In theoretical physics, the Haag–Łopuszański–Sohnius theorem shows that the possible symmetries of a consistent 4-dimensional quantum field theory do not only consist of internal symmetries and Poincaré symmetry, but can also include supersymmetry as a nontrivial extension of the Poincaré algebra. This significantly generalized the Coleman–Mandula theorem.
One of the important results is that the fermionic part of the Lie superalgebra has to have spin-1/2 (spin 3/2 or higher are ruled out).
Prior to the Haag–Łopuszański–Sohnius theorem, the Coleman–Mandula theorem was the strongest of a series of no-go theorems, stating that the symmetry group of a consistent 4-dimensional quantum field theory is the direct product of the internal symmetry group and the Poincaré group.
In 1975, Rudolf Haag, Jan Łopuszański, and Martin Sohnius published their proof that weakening the assumptions of the Coleman–Mandula theorem by allowing both commuting and anticommuting symmetry generators, there is a nontrivial extension of the Poincaré algebra, namely the supersymmetry algebra.
What is most fundamental in this result (and thus in supersymmetry), is that there can be an interplay of spacetime symmetry with internal symmetry (in the sense of "mixing particles"): the supersymmetry generators transform bosonic particles into fermionic ones and vice versa, but the anticommutator of two such transformations yields a translation in spacetime. Precisely such an interplay seemed excluded by the Coleman–Mandula theorem, which stated that (bosonic) internal symmetries cannot interact non-trivially with spacetime symmetry.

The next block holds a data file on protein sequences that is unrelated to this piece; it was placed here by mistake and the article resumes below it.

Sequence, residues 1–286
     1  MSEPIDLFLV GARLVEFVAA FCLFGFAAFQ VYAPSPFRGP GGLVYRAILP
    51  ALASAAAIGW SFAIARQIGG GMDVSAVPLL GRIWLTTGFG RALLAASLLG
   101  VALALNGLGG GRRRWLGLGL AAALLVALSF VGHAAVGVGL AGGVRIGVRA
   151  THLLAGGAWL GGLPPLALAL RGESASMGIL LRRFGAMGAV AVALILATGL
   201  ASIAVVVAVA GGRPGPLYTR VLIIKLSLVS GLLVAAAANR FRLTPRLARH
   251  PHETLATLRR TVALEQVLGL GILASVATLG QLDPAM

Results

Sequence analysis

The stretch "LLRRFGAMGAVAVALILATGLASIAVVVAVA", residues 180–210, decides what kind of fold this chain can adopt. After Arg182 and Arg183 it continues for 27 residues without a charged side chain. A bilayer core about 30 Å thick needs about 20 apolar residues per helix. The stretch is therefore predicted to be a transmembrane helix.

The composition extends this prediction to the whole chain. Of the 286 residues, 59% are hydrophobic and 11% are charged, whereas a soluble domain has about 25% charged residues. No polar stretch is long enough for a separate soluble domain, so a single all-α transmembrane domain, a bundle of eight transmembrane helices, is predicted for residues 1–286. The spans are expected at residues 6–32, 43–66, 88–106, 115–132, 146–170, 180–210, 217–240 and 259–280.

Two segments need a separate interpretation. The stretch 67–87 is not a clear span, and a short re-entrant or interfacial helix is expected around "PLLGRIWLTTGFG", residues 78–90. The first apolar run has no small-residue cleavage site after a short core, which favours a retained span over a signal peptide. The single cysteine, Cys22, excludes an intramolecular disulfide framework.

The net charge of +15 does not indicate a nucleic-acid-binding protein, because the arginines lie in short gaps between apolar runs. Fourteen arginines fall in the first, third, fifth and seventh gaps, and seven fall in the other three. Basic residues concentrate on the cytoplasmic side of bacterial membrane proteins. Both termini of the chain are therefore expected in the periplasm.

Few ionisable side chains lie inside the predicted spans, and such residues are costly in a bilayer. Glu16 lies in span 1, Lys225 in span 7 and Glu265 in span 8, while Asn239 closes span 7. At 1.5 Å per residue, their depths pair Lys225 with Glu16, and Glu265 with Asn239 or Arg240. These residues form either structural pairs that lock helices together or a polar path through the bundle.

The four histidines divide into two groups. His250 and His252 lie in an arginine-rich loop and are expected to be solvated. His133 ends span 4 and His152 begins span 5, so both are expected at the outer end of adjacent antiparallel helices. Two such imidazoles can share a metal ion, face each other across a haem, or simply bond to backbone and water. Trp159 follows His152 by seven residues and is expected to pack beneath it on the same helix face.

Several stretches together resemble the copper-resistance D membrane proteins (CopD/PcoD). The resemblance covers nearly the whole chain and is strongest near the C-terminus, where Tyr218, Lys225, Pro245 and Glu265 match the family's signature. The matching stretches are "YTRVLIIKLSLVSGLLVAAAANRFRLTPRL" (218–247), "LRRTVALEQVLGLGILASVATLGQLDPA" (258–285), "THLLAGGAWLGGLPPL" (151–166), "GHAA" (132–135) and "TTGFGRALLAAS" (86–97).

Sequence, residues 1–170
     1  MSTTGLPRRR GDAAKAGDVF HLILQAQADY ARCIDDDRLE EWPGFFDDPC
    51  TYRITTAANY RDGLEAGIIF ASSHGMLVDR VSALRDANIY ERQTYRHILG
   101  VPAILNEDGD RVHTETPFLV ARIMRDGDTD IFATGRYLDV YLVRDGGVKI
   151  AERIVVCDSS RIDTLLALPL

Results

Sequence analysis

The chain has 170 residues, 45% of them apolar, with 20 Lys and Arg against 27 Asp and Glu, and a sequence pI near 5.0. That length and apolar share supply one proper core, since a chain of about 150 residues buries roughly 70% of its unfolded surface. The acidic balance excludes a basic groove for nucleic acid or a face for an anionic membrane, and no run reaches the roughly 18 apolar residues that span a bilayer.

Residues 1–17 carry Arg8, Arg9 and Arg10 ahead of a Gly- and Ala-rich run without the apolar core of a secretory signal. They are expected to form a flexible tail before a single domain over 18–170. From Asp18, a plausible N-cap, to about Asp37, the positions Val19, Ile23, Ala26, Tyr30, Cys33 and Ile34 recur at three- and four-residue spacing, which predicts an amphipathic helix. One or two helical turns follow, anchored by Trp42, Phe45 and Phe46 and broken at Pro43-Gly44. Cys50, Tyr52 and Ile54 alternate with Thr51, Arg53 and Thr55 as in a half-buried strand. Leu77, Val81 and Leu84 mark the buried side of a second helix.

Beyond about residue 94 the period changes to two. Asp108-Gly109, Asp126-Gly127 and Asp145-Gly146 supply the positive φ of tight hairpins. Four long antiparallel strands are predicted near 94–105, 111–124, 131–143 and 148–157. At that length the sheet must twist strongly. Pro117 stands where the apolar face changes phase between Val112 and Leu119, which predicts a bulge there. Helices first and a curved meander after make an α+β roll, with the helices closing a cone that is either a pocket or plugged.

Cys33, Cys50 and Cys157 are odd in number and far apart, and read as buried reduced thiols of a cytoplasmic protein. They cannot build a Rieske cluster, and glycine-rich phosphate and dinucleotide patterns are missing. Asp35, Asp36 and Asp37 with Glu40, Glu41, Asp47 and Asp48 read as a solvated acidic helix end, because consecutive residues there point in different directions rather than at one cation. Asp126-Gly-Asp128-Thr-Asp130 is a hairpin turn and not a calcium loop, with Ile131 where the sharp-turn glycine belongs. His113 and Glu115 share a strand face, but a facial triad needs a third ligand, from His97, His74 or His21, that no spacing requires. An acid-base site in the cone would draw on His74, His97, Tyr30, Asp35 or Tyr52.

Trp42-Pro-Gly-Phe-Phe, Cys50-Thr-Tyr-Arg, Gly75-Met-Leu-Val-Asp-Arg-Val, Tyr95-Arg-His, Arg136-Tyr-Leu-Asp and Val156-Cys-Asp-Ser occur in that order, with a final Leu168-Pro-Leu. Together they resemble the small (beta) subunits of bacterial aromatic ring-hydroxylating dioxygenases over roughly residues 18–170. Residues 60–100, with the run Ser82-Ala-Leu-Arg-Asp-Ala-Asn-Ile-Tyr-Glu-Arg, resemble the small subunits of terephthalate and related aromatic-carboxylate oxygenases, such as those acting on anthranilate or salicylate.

This theorem was also an important justification of the previously found Wess–Zumino model, an interacting four-dimensional quantum field theory with supersymmetry, leading to a renormalizable theory.
The theorem only deals with "visible symmetries, i.e., with symmetries of the S-matrix" and thus it is still possible that "the fundamental equations may have a higher symmetry". Expressed differently, this means the theorems does not restrict broken symmetry, but only unbroken symmetries.